We rose at around 7:00 am this morning to sunshine, with a few clouds off to the North and East. By 8:15, the sky had begun to darken and by 8:30 am it was almost as dark as evening, just before African darkness begins to swallow you up. By 8:45, the wind erupted into a maelstrom, clubbing us and scattering the stackable (Costco) chairs, along with anything that wasn’t tied down or wedged against an immovable wall; it ripped the shade cloth on the porch to shreds and we had to lever shoes under the door to keep it closed. Horizontal rain rushed under the ridge cap on our roof, inciting a whole team of intruding streams into the room. Lightning and thunder so close and powerful that the ground and walls trembled against its might.
It rained off and on for about 6 hours, often with rain that looked like almost like solid sheets. John (the local Sudanese compound manager) and Josh and Aaron had gone to town to take Junko (the visiting Pediatrician from CHOC who lives only about 10 miles from us!) to catch her plane to Nairobi. They returned at about 7pm – all of them covered in mud, with stories about how difficult the trip had been. It took them over 3 hours to travel less than 20 miles. At one point, they went for over 100 meters never seeing the road because of the entire thing being under at least a foot of water. They got stuck in the mud several times, had to push the car out and once had to be towed out of the mess. All this even with John, one of the best drivers I’ve seen. Imagine the massive potholes and furrows created by huge, overloaded trucks trying to get to Bor or even all the way to Juba . . . then imagine the same road being traveled by drivers who have never had driver’s training and don’t really know how to drive, let alone attempting some of the worst conditions I’ve ever encountered!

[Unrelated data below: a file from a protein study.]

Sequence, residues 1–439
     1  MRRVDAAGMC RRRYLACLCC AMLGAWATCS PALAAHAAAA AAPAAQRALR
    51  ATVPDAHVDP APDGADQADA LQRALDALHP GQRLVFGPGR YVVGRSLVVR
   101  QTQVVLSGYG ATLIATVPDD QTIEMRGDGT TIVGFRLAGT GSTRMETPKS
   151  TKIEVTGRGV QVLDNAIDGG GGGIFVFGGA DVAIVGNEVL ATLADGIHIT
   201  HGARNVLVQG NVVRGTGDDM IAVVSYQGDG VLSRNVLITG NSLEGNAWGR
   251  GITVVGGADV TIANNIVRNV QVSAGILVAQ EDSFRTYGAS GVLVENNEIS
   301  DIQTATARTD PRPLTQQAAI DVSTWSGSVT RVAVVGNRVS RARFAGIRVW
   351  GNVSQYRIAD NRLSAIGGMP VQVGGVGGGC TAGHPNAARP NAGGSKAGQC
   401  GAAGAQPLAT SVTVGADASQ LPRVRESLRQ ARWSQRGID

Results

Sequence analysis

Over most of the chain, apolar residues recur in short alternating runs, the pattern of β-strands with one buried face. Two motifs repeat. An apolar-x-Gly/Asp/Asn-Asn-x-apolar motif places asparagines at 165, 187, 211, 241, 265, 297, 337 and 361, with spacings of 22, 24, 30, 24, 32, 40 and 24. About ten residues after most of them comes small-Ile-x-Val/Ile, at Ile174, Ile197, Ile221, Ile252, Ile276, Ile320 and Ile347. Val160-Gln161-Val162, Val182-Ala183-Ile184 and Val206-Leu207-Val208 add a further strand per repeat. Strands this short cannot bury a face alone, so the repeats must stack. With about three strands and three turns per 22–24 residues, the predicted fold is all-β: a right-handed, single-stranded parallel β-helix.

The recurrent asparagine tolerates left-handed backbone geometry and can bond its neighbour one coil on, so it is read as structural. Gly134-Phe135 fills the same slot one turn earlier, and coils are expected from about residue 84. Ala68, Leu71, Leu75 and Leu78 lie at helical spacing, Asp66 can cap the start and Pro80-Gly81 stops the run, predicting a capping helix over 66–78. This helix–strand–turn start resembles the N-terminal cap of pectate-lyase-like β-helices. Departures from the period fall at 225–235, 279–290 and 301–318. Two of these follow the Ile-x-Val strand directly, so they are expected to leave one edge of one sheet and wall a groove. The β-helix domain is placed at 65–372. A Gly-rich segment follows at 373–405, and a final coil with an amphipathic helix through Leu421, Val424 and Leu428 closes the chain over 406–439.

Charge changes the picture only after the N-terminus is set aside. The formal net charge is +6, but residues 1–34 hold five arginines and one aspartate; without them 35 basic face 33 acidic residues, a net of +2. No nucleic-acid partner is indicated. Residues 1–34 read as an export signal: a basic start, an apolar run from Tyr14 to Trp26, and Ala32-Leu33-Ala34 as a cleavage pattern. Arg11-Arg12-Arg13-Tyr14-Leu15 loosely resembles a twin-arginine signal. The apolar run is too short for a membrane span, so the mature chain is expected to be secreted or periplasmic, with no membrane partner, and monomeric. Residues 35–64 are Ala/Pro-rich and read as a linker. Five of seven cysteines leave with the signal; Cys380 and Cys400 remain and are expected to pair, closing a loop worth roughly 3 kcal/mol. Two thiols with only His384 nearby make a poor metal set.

John said that if it rains even once again, the road will be completely impassable. No wonder the ex-pats (foreigners) try to get out before the rains really start! According to everyone we’ve spoken to . . . the rains have actually started a month early this year. Now, I’m sure you’re wondering, just like we were, how WE will get out if it rains again? The reality is that our best bet will be to strip down our belongings to what we can carry in our backpacks . . . and walk the 25 km or so to get to the airport! Good thing my orthotics didn’t disappear with my black shoes 🙂